Iverson excited to reunite with NBA peers in tourney


This might be as close as Allen Iverson gets to playing in the NBA again.

In 14 pro seasons, the 36-year-old guard has accrued a lot of mileage. But with the NBA in a lockout since July 1 and no signs of a deal imminent, despite the two sides resuming talks Wednesday, Iverson has lent his name and his game to a weekend tournament Nov. 12 and 13 at the Thomas & Mack Center.

Iverson was the NBA's Most Valuable Player in 2001 and the league's leading scorer four times. He spent part of last year playing in Turkey after being out of the NBA for the first time since 1996, and said he was looking forward to connecting with old friends and playing against the next generation of NBA stars.

"I think this is a great opportunity to do what I love," Iverson said of his decision to host what is being billed as the Las Vegas Superstar Challenge. "I was affected by the last lockout (in 1998), and it killed me not being able to play. This is a great opportunity to get to see guys play together that you would never normally get to see on the same team in a competitive atmosphere."

The four teams were announced Wednesday, with Iverson's team having the biggest names. Tentatively scheduled to play on Iverson's "Team A.I." are Kevin Durant, Paul Pierce, Andre Iguodala, Joe Johnson, Rudy Gay, Thaddeus Young, Zach Randolph and Jamal Crawford.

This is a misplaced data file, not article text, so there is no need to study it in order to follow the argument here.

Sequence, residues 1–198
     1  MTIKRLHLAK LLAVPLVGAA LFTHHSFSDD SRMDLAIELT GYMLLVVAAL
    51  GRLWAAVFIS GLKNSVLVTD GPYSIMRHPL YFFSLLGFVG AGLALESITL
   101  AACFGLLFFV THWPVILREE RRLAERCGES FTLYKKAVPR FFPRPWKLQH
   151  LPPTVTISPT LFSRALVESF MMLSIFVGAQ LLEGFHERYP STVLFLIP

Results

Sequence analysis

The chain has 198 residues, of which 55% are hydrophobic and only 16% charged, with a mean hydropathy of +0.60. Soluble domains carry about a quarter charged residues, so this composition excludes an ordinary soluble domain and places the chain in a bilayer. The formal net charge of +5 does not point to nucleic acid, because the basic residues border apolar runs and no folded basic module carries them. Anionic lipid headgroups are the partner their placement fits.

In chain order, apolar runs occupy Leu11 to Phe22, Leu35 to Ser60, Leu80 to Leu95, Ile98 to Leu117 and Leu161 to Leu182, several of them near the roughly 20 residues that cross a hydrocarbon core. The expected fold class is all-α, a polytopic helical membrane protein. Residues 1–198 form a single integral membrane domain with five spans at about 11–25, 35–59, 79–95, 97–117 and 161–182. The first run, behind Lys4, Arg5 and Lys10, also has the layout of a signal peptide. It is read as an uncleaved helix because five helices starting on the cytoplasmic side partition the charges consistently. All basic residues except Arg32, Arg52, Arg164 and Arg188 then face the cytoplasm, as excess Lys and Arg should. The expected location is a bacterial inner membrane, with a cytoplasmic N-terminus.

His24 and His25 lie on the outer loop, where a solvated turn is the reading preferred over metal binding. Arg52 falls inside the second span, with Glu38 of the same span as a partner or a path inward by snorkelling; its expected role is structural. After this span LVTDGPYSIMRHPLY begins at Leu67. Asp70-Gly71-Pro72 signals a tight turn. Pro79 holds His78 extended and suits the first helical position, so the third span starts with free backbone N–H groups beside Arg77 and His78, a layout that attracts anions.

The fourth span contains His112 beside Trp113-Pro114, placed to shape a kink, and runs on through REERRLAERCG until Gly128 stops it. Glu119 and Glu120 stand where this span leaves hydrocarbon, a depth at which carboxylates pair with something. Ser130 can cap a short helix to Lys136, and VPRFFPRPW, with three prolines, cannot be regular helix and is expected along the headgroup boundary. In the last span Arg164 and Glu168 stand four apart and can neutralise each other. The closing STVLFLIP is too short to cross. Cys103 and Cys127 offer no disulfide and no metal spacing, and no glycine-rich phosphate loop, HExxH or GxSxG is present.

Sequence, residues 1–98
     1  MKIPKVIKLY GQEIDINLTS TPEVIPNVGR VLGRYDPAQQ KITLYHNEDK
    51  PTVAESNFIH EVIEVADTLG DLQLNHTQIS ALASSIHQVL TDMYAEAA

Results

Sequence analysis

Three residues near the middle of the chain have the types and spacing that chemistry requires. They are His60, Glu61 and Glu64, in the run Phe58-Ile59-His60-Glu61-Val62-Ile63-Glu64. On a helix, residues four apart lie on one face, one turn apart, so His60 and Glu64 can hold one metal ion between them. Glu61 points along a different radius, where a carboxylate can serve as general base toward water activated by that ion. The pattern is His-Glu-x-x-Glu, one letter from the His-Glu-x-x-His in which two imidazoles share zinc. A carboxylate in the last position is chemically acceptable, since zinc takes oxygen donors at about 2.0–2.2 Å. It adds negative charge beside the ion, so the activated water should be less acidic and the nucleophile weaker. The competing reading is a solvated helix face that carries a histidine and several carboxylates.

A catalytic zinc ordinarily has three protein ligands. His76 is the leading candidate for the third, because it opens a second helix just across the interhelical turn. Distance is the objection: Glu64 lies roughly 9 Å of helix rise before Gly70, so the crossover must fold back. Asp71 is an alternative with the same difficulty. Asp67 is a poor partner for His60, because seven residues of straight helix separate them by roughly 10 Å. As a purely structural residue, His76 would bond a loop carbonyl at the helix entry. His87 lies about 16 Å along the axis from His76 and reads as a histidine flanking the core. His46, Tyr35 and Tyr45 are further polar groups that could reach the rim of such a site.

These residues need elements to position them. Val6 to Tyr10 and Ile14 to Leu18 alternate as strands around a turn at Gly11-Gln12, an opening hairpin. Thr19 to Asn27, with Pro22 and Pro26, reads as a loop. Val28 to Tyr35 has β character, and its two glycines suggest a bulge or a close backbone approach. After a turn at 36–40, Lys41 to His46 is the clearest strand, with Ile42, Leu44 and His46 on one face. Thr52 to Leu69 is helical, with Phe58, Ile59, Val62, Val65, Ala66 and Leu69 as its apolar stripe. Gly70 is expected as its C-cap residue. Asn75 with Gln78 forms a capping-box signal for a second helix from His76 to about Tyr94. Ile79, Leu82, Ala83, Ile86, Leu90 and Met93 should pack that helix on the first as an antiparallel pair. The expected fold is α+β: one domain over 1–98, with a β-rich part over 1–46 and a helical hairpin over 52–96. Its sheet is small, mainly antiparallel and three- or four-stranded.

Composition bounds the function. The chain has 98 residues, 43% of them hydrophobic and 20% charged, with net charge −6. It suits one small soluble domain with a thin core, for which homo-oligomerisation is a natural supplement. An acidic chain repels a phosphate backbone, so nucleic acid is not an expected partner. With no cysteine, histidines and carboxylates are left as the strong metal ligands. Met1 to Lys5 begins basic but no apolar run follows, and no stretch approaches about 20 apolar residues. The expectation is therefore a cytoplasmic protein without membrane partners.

Al Harrington will captain another team that will include former Bishop Gorman star C.J. Watson, Monta Ellis, David Lee, James Harden, Matt Barnes and Stephen Jackson.

Team Philly, captained by Hakim Warrick, features Tyreke Evans, Jason Thompson, Lou Williams and the Morris twins, Marcus and Markieff.

But the most intriguing team might be the Rookie squad, with No. 1 overall draft pick Kyrie Irving and lottery picks Derrick Williams, Kemba Walker and Jimmer Fredette.

"Unfortunately, because of the lockout, we didn't get to see the rookies at the (NBA) Summer League this year," said Daren Libonati, president of Justice Entertainment Group, which is teaming with Philadelphia-based Rose & Reign to promote the event. "But this game will give fans the opportunity to not only see the best rookies, but to see them against established NBA stars."

The format includes games at 11 a.m. and 2 p.m. Nov. 12, with the winners meeting for the championship at 3 p.m. Nov. 13. The winning team receives $100,000, and the games will be played under normal NBA rules, with collegiate referees officiating.

Iverson might have lost a step on the court, but he definitely hasn't lost his sense of humor. When someone asked him if he would be practicing for the event, Iverson smiled.

"I didn't come here to talk about practice," he said with a laugh, tweaking a line from his infamous rant in May 2002, in which he used the word "practice" 20 times. "I'll have enough workouts to make sure I come here in shape and ready to play."

Tickets, starting at $25, are on sale at the Thomas & Mack box office and at UNLVtickets.com.

Contact reporter Steve Carp at scarp@reviewjournal.com or 702-387-2913. Follow him on Twitter: @stevecarprj.

 

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